Clinical Neuroscience and Entertainment Software Pilot Partnership Program to Develop Neuropsychiatric Interventions (R43/R44)
For more than a decade, cognitive training has been explored as an intervention in a variety of neuropsychiatric disorders such as Attention Deficit Hyperactivity Disorder, anxiety, autism spectrum disorders (ASD) and schizophrenia, targeting specific impairments in neural system functioning at different ages across the lifespan. These interventions have used various approaches, including training of perceptual processes, drill-and-practice techniques focused on learning via repetition and feedback, problem solving and concept formation practice, and methods designed to enhance compensatory cognitive processes.
Several of these interventions have been developed as computer-based programs with demonstrated efficacy at improving neurobehavioral function, yet improvements in real world function have been less clear. Overall there has been a significant lag in the full development and validation of computer-based cognitive training for neuropsychiatric treatment, in part due to the cross disciplinary expertise needed in developing engaging, immersive computer programs that specifically target neural systems implicated as treatment targets for neuropsychiatric deficits.
The entertainment software industry has a demonstrated capability in rapidly developing engaging, scalable, and commercially successful products. However, this industry has focused mostly on game development and not health interventions. New interest in developing computer game-based approaches to address health has emerged in recent years, and may offer fresh opportunities to apply highly engaging methods to the improvement of health functioning and outcomes.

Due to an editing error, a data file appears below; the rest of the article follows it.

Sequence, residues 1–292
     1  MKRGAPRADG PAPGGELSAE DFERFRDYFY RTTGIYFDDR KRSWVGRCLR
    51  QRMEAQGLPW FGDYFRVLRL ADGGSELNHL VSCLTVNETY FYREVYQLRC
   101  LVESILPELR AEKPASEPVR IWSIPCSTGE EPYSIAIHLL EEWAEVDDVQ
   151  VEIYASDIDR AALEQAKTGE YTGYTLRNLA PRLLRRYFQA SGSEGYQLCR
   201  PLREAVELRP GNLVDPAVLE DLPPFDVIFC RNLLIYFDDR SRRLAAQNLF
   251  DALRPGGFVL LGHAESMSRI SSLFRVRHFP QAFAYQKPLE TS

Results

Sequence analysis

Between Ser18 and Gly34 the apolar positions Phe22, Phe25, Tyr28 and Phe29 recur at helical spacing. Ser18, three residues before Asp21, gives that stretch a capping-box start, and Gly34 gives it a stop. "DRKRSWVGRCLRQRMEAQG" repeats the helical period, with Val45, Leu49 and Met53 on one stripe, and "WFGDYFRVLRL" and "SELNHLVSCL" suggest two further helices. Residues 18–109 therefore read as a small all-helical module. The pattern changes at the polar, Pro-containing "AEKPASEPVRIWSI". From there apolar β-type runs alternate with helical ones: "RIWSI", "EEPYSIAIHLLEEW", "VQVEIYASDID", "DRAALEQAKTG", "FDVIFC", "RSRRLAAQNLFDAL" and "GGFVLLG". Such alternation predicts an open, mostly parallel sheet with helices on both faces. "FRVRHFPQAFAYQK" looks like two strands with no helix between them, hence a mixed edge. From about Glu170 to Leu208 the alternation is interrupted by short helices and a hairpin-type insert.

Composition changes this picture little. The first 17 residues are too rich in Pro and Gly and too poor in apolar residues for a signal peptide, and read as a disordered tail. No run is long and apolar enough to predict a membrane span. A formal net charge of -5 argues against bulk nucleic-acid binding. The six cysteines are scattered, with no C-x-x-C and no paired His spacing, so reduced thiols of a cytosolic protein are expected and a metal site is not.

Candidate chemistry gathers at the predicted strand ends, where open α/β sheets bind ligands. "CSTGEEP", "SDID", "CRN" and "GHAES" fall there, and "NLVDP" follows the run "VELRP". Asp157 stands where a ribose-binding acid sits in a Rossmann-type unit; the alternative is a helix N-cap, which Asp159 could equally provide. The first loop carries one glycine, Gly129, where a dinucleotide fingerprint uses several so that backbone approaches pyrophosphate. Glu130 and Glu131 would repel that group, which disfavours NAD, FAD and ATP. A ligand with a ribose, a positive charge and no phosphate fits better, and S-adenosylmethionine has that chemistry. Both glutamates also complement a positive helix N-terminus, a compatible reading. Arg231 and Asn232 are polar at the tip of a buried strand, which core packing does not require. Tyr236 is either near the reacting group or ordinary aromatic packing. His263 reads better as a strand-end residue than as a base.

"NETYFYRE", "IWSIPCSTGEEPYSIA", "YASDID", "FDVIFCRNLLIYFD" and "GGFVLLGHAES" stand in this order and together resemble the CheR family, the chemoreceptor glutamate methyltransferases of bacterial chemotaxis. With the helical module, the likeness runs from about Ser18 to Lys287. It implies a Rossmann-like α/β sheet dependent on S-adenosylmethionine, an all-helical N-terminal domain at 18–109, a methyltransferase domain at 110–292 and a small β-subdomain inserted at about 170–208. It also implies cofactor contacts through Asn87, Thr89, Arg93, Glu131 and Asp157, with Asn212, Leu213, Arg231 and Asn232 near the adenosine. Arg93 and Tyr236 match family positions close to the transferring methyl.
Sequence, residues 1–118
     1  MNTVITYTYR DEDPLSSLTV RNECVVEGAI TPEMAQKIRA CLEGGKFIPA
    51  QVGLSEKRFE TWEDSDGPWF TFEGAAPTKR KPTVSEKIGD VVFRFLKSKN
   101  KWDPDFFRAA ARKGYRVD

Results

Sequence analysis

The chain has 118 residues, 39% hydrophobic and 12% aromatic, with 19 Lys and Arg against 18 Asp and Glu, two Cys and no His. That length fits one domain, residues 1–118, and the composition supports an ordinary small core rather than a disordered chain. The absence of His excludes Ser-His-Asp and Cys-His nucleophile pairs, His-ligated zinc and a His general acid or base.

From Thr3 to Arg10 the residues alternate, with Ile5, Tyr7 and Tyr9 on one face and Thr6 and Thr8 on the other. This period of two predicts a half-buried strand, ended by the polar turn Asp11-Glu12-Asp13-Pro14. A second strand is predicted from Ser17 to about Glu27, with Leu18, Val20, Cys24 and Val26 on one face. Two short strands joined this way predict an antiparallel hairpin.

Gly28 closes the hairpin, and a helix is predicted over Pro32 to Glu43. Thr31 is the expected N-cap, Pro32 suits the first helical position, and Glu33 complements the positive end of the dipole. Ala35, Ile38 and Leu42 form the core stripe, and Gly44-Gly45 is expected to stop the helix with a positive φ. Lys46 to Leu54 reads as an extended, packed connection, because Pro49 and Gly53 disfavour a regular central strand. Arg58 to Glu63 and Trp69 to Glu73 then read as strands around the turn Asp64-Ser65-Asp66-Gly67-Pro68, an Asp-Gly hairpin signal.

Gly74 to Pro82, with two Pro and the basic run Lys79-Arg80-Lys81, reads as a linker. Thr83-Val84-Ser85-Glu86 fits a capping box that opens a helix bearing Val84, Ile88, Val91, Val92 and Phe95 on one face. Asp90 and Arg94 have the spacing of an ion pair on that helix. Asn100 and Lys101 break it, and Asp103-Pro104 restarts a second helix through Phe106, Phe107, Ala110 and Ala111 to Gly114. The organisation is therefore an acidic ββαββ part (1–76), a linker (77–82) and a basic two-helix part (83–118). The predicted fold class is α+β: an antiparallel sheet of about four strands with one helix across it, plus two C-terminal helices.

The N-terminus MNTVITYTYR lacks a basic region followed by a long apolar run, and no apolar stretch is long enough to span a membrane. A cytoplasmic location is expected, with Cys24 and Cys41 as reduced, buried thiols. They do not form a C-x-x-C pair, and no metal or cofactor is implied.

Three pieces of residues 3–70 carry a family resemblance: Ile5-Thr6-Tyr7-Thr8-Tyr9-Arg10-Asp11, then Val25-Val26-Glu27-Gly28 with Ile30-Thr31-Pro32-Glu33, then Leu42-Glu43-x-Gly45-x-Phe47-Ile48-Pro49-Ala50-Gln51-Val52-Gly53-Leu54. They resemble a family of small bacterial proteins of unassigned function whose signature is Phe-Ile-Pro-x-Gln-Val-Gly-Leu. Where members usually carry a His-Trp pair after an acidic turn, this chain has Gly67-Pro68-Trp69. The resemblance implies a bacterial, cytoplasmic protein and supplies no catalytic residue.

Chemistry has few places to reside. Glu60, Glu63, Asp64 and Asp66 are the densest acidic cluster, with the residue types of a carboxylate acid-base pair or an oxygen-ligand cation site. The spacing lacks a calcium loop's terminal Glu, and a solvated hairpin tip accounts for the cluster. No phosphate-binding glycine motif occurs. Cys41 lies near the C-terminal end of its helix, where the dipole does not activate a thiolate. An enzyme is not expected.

Given the promise of computer-based cognitive training and the experience of the entertainment software industry at rapidly developing engaging, scalable, and commercially successful products, there is an opportunity for cross-disciplinary collaboration to further develop promising computer-based interventions. The NIMH has developed this FOA to encourage partnerships between small businesses in the entertainment software sector and clinical neuropsychiatry researchers with demonstrated track records in neuroplasticity and cognitive training research, to further develop these interventions. Ultimately, if successful, these interventions could be disseminated widely and quickly through commercialization.
This NIMH SBIR FOA is informed by two recent meetings: 1) the inaugural meeting of the Entertainment Software and Cognitive Neurotherapeutics Society (ESCoNS) in September 2011, where representatives from the entertainment software community, neuroscientists, and the NIH came together to establish potential partnerships for the development of cognitive neurotherapeutics; and 2) the NIMH-sponsored meeting “Cognitive Training in Mental Disorders: Advancing the Science” in April 2012, which focused on next steps in the further development, validation and implementation of cognitive training interventions, including a focus on novel and multi-component interventions and new therapeutic targets.